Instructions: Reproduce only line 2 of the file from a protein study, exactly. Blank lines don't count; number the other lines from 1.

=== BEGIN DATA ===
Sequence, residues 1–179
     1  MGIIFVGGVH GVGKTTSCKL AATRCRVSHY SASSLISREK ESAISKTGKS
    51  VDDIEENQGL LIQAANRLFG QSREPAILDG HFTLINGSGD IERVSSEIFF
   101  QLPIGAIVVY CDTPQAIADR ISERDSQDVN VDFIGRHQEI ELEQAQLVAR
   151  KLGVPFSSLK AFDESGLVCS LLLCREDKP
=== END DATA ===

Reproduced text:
     1  MGIIFVGGVH GVGKTTSCKL AATRCRVSHY SASSLISREK ESAISKTGKS